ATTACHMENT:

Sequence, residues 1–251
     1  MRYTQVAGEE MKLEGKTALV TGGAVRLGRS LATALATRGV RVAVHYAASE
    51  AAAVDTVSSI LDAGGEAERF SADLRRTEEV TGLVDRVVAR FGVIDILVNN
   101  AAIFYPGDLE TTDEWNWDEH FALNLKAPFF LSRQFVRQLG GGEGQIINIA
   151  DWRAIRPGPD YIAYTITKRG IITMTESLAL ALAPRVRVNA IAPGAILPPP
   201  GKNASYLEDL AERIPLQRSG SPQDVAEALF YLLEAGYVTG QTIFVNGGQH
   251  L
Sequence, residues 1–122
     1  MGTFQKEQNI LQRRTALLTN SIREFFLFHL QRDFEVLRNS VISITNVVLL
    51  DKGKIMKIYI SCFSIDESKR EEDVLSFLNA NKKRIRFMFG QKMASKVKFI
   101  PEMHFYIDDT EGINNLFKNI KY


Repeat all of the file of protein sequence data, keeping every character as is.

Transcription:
Sequence, residues 1–251
     1  MRYTQVAGEE MKLEGKTALV TGGAVRLGRS LATALATRGV RVAVHYAASE
    51  AAAVDTVSSI LDAGGEAERF SADLRRTEEV TGLVDRVVAR FGVIDILVNN
   101  AAIFYPGDLE TTDEWNWDEH FALNLKAPFF LSRQFVRQLG GGEGQIINIA
   151  DWRAIRPGPD YIAYTITKRG IITMTESLAL ALAPRVRVNA IAPGAILPPP
   201  GKNASYLEDL AERIPLQRSG SPQDVAEALF YLLEAGYVTG QTIFVNGGQH
   251  L
Sequence, residues 1–122
     1  MGTFQKEQNI LQRRTALLTN SIREFFLFHL QRDFEVLRNS VISITNVVLL
    51  DKGKIMKIYI SCFSIDESKR EEDVLSFLNA NKKRIRFMFG QKMASKVKFI
   101  PEMHFYIDDT EGINNLFKNI KY